Can you believe this traffic? Health consequences of a long commute

After several years, the daily drive to and from work in high-traffic areas can really get under some people's skin.

Story highlights

  • Despite the perils of a long commute, most people in the United States drive to work
  • Impatience -- if not handled early on -- can turn into resentment and anger, experts say
  • Long commutes linked to high blood pressure and higher body mass index, study finds
Like many big cities in America, Atlanta is surrounded by a circular highway that connects with various freeway arteries that go through the downtown area. Weekday mornings and early evenings, no matter which highway you're on, or what direction you're going, you'll likely end up stuck in some hot traffic hell.
Dana Jones, 26, used to drive from the south end of the city by the airport to a northern suburb at peak commuting times, right through the daily mess.
"There were so many people out," Jones says. "You get road rage because nobody will let you in; nobody will merge right. It's just aggravating."
Despite the perils of a long commute, most people in the United States drive to work, according to the American Community Survey (PDF). In fact, more than 75% of Americans make the trek to work alone.
The stress of waiting in gridlock can get intense if you're in a hurry, leaving you feeling frustrated and anxious about the traffic. That stress can translate into deeper health hazards. Try to distract yourself with your smartphone, and you can put yourself and other drivers in even more danger.
Road rage: An 'emotional spin cycle'
LeeAnne Minnick was sitting in gridlocked traffic, waiting to get on an on-ramp, in a line of cars that had pulled over to let an ambulance pass. Suddenly, another driver darted out behind Minnick to tail the ambulance, taking advantage of the cars that had been moved, to enter the freeway.
"That incensed me," says Minnick, who makes a lengthy commute from Athens, Georgia, to Atlanta -- about a 70-mile trip -- three days a week. "I immediately flew into a rage over it."
That happened a couple months ago, and Minnick still sounds irritated when she describes it. She doesn't act aggressively toward other drivers, but she does get bothered by disrespectful behavior on the road.
It's easy to get lost in a cycle of emotions where you're talking to yourself and ruminating about traffic situations, says Leon James, professor of psychology at the University of Hawaii and co-author of "Road Rage and Aggressive Driving."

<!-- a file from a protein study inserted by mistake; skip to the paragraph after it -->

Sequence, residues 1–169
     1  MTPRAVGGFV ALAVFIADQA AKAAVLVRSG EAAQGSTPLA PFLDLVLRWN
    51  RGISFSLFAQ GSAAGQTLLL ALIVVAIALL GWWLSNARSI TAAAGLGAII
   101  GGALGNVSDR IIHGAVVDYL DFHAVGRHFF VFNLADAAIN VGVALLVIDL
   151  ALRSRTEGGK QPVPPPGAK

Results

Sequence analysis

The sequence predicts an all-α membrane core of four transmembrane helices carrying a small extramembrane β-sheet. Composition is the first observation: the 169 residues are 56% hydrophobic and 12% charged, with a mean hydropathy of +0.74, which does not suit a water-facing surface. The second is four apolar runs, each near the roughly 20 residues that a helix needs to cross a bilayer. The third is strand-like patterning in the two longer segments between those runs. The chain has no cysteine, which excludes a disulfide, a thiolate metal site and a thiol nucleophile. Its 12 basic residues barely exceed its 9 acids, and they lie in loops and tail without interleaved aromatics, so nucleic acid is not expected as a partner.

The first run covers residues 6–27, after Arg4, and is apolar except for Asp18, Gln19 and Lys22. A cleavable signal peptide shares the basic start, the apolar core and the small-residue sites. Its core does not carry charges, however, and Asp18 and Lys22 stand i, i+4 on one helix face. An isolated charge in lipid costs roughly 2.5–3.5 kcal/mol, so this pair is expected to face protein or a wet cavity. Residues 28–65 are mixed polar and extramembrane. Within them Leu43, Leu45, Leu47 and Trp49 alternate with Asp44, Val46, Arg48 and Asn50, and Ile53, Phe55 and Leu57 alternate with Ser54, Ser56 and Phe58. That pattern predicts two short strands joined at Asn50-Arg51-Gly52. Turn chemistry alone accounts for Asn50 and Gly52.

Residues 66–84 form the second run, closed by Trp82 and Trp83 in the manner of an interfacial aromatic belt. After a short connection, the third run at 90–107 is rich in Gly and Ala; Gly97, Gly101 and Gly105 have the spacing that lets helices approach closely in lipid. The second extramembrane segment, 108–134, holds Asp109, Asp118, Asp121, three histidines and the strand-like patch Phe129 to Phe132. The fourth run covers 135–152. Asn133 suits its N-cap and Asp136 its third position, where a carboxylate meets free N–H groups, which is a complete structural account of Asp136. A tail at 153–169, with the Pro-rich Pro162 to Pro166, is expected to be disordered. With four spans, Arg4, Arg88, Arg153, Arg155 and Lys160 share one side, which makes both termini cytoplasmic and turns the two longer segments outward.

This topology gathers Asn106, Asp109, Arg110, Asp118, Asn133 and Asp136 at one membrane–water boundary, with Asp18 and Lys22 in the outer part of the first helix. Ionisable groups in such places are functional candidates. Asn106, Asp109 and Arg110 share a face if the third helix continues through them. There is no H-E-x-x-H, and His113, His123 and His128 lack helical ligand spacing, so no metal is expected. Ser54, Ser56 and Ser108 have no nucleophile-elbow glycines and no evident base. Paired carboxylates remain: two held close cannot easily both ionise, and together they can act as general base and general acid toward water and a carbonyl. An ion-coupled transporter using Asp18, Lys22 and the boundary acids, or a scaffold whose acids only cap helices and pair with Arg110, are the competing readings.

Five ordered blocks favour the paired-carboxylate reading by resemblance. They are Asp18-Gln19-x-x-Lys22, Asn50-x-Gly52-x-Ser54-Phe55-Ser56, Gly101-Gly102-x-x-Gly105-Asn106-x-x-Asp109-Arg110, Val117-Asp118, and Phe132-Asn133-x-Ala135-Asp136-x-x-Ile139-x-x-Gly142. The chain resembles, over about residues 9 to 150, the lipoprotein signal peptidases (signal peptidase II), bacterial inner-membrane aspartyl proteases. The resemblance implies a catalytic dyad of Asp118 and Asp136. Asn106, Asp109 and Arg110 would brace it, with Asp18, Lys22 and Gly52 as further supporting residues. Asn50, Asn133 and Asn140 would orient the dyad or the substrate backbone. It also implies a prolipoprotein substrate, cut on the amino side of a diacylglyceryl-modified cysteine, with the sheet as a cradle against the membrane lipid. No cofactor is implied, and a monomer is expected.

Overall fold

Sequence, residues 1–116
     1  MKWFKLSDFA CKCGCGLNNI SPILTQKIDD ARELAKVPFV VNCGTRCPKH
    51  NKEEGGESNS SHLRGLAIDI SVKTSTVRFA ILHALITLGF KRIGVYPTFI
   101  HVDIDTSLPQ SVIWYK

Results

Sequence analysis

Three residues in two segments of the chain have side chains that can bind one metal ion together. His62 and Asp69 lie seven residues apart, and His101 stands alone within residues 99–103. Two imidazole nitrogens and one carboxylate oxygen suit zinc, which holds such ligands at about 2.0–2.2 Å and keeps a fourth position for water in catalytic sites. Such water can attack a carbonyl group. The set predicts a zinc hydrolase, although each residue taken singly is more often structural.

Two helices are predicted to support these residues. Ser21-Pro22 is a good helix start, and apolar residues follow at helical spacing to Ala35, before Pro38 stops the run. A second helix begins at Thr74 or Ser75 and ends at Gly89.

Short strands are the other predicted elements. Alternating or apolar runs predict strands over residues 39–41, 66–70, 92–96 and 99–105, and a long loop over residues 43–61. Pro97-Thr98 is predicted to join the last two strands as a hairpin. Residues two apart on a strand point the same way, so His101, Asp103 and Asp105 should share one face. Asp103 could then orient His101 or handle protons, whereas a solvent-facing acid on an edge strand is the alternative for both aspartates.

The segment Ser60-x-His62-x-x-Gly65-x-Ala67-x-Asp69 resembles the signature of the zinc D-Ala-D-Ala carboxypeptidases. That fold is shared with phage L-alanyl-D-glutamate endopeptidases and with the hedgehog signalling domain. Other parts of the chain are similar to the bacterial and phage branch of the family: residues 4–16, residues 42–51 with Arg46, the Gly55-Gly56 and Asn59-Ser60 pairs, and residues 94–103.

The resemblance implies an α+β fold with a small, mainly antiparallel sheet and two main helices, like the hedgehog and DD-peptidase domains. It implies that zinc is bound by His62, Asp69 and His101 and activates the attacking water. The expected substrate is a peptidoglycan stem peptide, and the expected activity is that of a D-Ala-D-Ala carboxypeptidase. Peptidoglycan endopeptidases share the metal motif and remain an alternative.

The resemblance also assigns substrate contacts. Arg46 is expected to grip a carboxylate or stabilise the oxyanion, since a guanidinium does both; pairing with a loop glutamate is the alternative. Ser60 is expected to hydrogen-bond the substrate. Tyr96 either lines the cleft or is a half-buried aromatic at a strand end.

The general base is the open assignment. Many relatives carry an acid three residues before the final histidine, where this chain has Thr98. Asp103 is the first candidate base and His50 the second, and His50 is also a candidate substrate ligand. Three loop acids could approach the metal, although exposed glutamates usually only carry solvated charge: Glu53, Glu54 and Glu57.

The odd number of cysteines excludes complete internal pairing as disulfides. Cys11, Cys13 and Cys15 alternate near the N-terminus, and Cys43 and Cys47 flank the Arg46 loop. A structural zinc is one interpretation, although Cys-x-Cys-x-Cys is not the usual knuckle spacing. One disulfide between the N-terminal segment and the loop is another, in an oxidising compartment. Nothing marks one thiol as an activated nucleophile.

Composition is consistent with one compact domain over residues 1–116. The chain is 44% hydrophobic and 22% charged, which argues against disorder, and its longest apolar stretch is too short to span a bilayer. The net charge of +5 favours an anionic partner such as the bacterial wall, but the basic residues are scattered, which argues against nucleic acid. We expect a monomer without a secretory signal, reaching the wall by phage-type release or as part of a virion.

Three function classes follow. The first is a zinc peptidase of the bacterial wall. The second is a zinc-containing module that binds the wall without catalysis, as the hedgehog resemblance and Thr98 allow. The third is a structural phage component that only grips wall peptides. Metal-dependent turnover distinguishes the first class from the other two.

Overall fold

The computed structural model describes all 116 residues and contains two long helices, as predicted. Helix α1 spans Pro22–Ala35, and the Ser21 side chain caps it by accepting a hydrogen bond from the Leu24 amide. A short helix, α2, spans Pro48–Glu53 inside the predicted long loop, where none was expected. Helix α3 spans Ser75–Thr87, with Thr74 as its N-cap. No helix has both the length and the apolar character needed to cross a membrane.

"Impatience, if you don't handle it at the beginning, tends to turn into resentment and anger," James says.
The back seat of the car is what James calls the "road rage nursery." It's where kids hear their parents cursing out other drivers and expressing their disbelief about everyone else's poor skills on the road. Children learn the culture of aggressive driving in this way, he says.
"We use it as an opportunity to disrespect everything and say bad words that we would be shocked to say in any other place."
Another problem is that after a bad commute, people tend not to let it go, James says. They walk into the office and complain about their experiences, which leads to entire conversations about bad traffic and bad drivers. This venting may feel good in the moment, but it reinforces the emotions for the next driving trip, he says.
James' solution: Monitor your traffic emotions. You might try keeping a diary of how you feel every day after your commute, or just keep a mental note about your state of mind. What are your negative thoughts while on the road? Are they justified?
Confronting your internal dialogue about commuting frustrations may help. You may realize that your negative thoughts may not be proportional to the offenses you perceive from other drivers.
James recommends asking yourself: "Am I the kind of person who thinks these things about people?" and "Is this the kind of person I want to be?"